Dressed to the nines on a balmy summer night, a crowd of young Japanese filled the reception area of a Tokyo wedding hall, a white mansion with Greek columns romantically festooned with fairy lights.
The setting may have seemed a little gaudy, but the 100-odd men and women there, clutching their cocktails and scanning the room, were seriously focused on their goal - finding the love of their life.
AdvertisementThe twenty- to forty-somethings are part of a new fad sweeping Japan: "konkatsu" or "marriage-hunting," a word play on "job hunting" that suggests finding Mr or Mrs Right is a matter of good research and thorough planning.
An expert in the field had some advice for the assembled lonely hearts.
"Try not to make that instant decision," said Helen Fisher, a US anthropologist and special guest at the Match.com party in Tokyo's upmarket Nakameguro district. "Go up and talk to them and find out about them.
"The whole point of this evening is to try to fall in love."
This year Japan has gone konkatsu-crazy, with the trend spawning countless magazine articles, a weekly TV drama and a best-selling book.
A Tokyo shrine now offers konkatsu prayer services, a Hokkaido baseball team has set up special seats for those looking for mates, and a Tokyo ward office arranges dating excursions to restaurants and aquariums.
A lingerie maker has even come up with a konkatsu bra with a ticking clock that can be stopped by inserting an engagement ring.
Japan, known for its strong work ethic that can squeeze social time, and for its declining birth rates, seems to be getting its mojo back.
Dating site Match.com said in March it had signed up one million members in the country, its second largest market after the United States, and parties like the one in the Greek mansion have become wildly popular.
"I like this system of meeting new people," said a 27-year-old office clerk, one of the 100 guests chosen from almost 300 mostly-male applicants. "I have a hard time approaching a woman with my friends around."
Social observers see a variety of reasons for konkatsu's popularity, including Japan's current recession which may be leading some women to choose marriage over career in a search for financial stability.
"Now I see many women in their 20s looking for a man with a stable job and a steady income," said Toneko Bando, the founder of leading match-making agency PIF, short for the Pay It Forward Love Prepschool.
With the new plan-ahead attitude, many women are also preparing for the next stage, "sankatsu" or birth hunting, she said.
"My agency provides services for them, such as fertility check-ups and cooking lessons, so they become healthier for future birth-giving," she said.
"I wouldn't deny a carefree lifestyle to have fun day by day. But especially for women, who constantly face the biological clock ticking before giving birth, they cannot help counting how much time is left."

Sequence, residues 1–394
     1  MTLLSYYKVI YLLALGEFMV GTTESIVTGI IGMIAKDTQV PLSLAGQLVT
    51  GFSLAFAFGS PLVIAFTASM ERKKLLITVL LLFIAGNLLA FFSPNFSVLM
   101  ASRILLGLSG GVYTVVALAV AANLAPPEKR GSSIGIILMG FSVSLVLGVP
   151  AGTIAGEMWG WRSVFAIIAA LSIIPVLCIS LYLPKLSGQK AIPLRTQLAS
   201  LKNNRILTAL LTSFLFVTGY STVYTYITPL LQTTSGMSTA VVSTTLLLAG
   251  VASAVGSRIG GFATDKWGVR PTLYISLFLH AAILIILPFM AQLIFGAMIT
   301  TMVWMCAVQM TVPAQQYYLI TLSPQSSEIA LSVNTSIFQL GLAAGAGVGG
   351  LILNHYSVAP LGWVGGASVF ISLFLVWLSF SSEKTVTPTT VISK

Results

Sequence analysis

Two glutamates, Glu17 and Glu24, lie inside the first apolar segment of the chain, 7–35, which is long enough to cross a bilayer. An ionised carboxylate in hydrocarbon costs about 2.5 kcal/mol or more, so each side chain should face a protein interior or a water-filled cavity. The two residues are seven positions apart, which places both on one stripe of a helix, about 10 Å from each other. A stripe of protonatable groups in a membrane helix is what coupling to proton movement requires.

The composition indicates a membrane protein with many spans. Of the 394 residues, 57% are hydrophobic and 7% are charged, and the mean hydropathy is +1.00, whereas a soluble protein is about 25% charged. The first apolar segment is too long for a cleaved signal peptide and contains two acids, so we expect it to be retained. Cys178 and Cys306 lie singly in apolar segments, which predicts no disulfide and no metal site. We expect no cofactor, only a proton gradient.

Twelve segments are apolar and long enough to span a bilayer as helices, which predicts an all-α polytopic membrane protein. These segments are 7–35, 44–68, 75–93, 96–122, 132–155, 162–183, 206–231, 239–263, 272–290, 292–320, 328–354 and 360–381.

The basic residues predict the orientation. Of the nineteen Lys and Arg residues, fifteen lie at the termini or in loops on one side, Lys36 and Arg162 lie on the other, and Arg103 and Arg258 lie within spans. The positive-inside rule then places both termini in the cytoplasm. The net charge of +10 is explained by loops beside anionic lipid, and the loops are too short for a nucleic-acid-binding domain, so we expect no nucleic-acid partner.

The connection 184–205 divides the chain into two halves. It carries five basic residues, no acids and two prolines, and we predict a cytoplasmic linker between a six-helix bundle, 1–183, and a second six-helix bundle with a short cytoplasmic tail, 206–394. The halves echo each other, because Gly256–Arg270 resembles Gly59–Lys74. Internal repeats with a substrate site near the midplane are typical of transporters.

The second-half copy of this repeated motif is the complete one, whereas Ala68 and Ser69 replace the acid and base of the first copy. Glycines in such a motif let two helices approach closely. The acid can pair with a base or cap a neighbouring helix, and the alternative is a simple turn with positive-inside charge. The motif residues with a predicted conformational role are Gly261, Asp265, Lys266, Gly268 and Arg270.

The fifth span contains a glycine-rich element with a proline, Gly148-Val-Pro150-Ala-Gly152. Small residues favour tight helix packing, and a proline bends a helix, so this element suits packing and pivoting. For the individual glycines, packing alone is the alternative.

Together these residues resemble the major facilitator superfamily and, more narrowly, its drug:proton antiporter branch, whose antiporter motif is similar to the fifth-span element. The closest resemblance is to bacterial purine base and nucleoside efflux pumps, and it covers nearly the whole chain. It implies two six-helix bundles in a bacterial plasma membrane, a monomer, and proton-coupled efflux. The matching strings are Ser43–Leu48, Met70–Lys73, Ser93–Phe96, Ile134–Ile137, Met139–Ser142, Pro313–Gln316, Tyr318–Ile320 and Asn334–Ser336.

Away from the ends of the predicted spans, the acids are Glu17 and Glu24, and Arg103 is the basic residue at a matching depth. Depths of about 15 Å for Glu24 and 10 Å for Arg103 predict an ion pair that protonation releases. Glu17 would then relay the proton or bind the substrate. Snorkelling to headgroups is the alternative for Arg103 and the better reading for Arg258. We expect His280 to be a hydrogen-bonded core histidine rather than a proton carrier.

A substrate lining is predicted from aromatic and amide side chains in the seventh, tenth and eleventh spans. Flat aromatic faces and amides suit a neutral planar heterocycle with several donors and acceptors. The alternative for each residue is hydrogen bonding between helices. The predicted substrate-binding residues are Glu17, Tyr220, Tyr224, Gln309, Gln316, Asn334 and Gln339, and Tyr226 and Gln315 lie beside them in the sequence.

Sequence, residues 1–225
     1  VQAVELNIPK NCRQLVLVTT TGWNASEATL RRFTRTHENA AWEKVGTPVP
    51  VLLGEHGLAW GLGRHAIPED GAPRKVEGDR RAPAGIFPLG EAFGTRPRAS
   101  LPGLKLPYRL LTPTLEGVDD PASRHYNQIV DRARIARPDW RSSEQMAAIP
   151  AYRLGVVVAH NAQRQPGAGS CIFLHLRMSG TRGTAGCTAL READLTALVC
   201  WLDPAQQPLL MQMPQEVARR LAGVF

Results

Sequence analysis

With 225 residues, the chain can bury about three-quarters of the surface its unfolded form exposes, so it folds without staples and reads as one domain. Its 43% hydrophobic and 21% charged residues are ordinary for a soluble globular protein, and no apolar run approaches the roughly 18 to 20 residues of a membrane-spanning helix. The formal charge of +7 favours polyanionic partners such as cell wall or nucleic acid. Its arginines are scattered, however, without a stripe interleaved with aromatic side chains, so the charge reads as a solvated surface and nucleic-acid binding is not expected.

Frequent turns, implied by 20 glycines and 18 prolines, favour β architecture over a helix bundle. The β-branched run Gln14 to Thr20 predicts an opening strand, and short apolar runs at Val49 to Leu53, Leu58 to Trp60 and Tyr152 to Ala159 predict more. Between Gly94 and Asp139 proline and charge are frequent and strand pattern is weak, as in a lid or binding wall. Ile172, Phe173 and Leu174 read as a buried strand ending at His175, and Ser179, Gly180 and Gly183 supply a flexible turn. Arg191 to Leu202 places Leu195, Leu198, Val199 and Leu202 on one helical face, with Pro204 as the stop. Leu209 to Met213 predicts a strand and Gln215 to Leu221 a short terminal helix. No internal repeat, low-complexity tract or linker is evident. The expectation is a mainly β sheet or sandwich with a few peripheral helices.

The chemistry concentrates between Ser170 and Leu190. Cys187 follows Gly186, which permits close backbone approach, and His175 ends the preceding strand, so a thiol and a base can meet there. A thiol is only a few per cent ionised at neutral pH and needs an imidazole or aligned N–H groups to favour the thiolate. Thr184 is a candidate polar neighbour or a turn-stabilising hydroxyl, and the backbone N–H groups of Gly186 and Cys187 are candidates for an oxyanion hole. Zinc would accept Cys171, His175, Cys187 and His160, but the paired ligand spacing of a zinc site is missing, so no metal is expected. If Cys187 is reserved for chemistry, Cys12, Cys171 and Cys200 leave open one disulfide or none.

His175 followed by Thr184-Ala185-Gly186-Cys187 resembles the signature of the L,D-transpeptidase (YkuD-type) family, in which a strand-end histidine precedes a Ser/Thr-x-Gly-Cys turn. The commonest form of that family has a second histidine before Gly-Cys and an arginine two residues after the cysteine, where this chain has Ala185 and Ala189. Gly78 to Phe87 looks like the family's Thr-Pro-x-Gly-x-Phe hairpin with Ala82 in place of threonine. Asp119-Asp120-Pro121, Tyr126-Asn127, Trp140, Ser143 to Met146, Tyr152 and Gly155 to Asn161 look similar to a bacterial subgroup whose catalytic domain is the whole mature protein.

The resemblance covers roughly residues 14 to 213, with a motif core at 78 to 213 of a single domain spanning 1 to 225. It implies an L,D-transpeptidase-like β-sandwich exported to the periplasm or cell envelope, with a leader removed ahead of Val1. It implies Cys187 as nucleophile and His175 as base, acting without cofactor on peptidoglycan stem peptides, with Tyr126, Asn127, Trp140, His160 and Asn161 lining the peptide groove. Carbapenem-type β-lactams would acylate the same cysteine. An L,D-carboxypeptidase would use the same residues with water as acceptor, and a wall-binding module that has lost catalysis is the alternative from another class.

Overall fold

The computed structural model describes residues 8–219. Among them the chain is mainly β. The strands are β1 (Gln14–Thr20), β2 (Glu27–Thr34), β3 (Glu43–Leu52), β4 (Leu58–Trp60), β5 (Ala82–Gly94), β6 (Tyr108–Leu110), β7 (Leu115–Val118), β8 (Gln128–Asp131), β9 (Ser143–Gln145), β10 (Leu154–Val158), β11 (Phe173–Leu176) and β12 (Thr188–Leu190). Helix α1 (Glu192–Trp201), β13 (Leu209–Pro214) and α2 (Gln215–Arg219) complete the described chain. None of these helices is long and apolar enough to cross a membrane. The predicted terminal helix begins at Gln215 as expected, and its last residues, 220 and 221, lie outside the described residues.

Japan's government has thrown its support behind konkatsu to boost the birth rate of just 1.37 children per woman, hoping to slow the decline of the aging population, which is projected to shrink nearly 30 percent by 2055.
An advisory panel to the cabinet last month proposed a 10-point plan to raise the low birth rate, including the promotion of "love and marriage", possibly by organizing matchmaking events.
Yoko Itamoto, a marriage counselor and gender equality expert, said Japan is making an "all-out national effort" for konkatsu, a fashion trend which she said highlights a social crisis.
Traditionally in Japan marriage was a pragmatic social function, in which a woman joined the family of her husband whose job it was to support her and their children, who would then carry on the male family line.
Marriages were typically arranged in a custom known as "omiai," usually organized in a formal setting by the parents or close family members, stereotypically a meddlesome aunt or uncle.
As social change has altered lifestyles, gender roles and social expectations, those of marriageable age have usually searched for their life mate by themselves, but experts say this hasn't worked for everyone.
"If they are an introvert, not too popular or low-key, old-style marriage counseling may still work better," said Bando. "But many people just don't feel about themselves that way."
Marriage rates have fallen sharply between 1975 and 2005, from 85 percent to 51 percent for men aged 30 to 34, and from 90 percent to 63 percent for women of the same age, according to census data.
Itamoto said increasing numbers of people are turning to professional help in their quest to find love and perhaps tie the knot.
"Currently some 4,000 match-making agencies do business in Japan, with a total membership of some 620,000," she said. "About half of local governments also give similar matching services, especially in rural farming areas.
"But the successful mating rate through such an agency stays as low as eight percent," she added. "People don't have communication skills good enough to find a partner, no matter how many candidates they meet.
"Konkatsu is not a bad thing," she said. "But we need to study what brought the marriage crisis to the country in the first place."
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